Monday, August 13, 2007

Enviro, Muni and Liability

Today's P-J features a story on the Dahlstrom building, which may or may not be set to drop into the Chadakoin River. One's perspective on the situation is inevitably tied to the potential impact on the pocketbook. The building's owner says help from the state and city is needed to bring it down. The city could demolish the property as a hazard, but there's no guarantee of ever getting any money back from the owner.

This situation reminds the Jamestown Lawyer of a couple pieces of environmental law. Superfund, at the state and federal level, and New York's Oil Spill Law, in the Navigation Law both come to mind for the concept of "strict liability." Strict liability, by way of my own definition, is when the statute establishes that an involved party is liable for the costs of cleanup regardless of the involvement. Under the Oil Spill Law, for example, if you buy property and later find out it was a gas station and the soil all needs to be dug up and trucked out, you as the owner are liable for either doing it or reimbursing the DEC. The statute does allow the liable party to sue other parties who are responsible for the action, but not to shift liability (except in certain narrow cases.)

It seems a situation that could lead to unfair results, unless we remember "caveat emptor." The reason, though, is that it avoids finger pointing and blame shifting and all the like that prevents someone from undertaking the cleanup. All of that may follow in eventual civil actions between various potentially responsible parties, but by putting one person on the hook from the start, there's increased likelihood some costs will be recovered. This is important under Superfund and Oil Spill laws since every piece recovered helps fund the cleanup of additional impacted sites.

Statutory mechanisms already exist for a muni to take down a building and hold someone responsible. The more complicated situation is one like this, where it isn't an immediate danger and repair/upkeep could solve the problem. Perhaps code violations in an attempt to make the owner fix would be an answer, but it seems much less efficient than the mechanics of environmental law.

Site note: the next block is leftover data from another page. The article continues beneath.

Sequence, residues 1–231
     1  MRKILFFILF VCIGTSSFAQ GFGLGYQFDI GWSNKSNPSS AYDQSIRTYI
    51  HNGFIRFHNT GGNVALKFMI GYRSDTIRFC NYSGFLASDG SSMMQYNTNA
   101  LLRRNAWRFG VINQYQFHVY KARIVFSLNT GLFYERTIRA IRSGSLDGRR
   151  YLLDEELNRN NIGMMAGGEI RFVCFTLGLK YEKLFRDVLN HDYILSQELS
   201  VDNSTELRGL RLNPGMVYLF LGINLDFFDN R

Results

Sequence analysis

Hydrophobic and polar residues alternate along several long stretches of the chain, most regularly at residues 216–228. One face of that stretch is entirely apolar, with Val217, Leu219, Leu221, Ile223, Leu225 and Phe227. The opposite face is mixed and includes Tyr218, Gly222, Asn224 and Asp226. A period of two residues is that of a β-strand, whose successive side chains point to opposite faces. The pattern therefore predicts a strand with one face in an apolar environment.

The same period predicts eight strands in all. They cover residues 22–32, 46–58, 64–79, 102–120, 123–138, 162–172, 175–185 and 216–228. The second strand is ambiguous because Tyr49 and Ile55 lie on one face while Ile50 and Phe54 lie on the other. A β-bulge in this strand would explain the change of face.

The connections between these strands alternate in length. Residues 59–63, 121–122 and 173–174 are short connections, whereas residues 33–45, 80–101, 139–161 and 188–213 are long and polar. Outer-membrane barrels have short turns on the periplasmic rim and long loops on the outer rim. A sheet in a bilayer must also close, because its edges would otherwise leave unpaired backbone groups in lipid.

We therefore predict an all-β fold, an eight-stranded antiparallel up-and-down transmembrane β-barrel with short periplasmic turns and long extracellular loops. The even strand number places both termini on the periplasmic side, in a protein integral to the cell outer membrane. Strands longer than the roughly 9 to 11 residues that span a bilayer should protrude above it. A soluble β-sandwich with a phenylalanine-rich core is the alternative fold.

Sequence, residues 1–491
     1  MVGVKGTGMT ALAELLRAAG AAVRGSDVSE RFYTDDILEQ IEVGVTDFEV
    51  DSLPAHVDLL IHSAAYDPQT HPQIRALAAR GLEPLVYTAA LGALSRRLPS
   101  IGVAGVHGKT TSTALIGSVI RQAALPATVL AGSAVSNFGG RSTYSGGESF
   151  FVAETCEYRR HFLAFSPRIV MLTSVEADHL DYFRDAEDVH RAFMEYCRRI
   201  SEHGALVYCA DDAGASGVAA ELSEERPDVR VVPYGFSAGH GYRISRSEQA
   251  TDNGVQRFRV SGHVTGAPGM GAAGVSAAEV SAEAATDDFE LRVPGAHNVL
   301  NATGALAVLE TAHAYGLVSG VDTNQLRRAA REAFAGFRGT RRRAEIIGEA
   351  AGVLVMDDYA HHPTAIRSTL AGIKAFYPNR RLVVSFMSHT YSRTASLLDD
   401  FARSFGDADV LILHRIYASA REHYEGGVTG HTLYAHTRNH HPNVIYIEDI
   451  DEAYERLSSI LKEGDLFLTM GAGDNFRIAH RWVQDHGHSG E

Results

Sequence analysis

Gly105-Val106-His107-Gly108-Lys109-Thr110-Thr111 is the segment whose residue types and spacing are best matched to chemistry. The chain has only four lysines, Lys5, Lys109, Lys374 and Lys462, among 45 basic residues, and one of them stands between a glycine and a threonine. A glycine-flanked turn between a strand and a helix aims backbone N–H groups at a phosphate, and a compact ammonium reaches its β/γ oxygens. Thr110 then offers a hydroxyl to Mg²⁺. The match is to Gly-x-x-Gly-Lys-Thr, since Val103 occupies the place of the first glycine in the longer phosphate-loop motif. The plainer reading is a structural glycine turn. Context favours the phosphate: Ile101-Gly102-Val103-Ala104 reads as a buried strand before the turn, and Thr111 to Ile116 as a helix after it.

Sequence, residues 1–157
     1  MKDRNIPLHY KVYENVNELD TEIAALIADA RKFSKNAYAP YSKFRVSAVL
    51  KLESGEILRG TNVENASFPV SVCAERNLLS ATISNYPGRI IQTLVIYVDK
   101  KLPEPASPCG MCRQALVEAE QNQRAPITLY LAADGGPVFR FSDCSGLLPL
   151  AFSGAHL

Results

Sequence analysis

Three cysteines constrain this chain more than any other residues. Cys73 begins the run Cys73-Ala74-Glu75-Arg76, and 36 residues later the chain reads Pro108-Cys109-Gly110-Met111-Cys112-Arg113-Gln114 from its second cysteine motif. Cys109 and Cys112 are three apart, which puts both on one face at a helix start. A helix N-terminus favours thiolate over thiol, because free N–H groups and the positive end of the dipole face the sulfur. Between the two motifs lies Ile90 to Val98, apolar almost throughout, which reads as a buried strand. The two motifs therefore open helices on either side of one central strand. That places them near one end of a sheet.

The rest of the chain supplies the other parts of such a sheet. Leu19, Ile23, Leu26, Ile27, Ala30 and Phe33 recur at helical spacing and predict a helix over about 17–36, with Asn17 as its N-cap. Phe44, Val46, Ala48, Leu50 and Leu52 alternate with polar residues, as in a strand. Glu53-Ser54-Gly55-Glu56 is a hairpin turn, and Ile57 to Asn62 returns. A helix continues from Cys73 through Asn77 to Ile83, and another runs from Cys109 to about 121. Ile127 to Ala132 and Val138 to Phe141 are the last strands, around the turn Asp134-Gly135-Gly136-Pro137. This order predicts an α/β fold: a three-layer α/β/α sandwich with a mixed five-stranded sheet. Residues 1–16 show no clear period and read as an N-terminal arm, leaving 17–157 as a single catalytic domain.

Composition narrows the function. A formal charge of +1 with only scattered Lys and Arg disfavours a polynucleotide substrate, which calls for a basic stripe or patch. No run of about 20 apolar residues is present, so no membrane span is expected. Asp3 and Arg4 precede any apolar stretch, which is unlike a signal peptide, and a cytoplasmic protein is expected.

Anonymous Dee said...

Environmental law is quite fascinating, but complicated to those not trained in it, and I think we are lucky to have the Jamestown Lawyer explain it to us in such understandable terms.

Question: say this building (or another building) falls in the river and there is a flood which goes into another building, comprimisng the building or perhaps making contaminants flow out of building into river. Who would be responsible in that type of sceneraio? Would it still be the owner of the flooded building?

10:35 AM  
Blogger TM said...

That's like a law school exam question. I'm having flashbacks.

Short answer is that such a situation is such a mess that it would probably fall into one of those exceptions in the law.

6:03 AM  
Anonymous Dee said...

Oh, sorry about the flashbacks! Bad, Dee, Bad!

However, this whole issue is very interesting. I'm thinking, and hoping, it is all speculation though because buildings built in earlier days do seem to tend to take a lot of abuse and still stand.

Now, I will will worry all weekend about giving you flashbacks--guilty conscience I guess.

2:26 PM  

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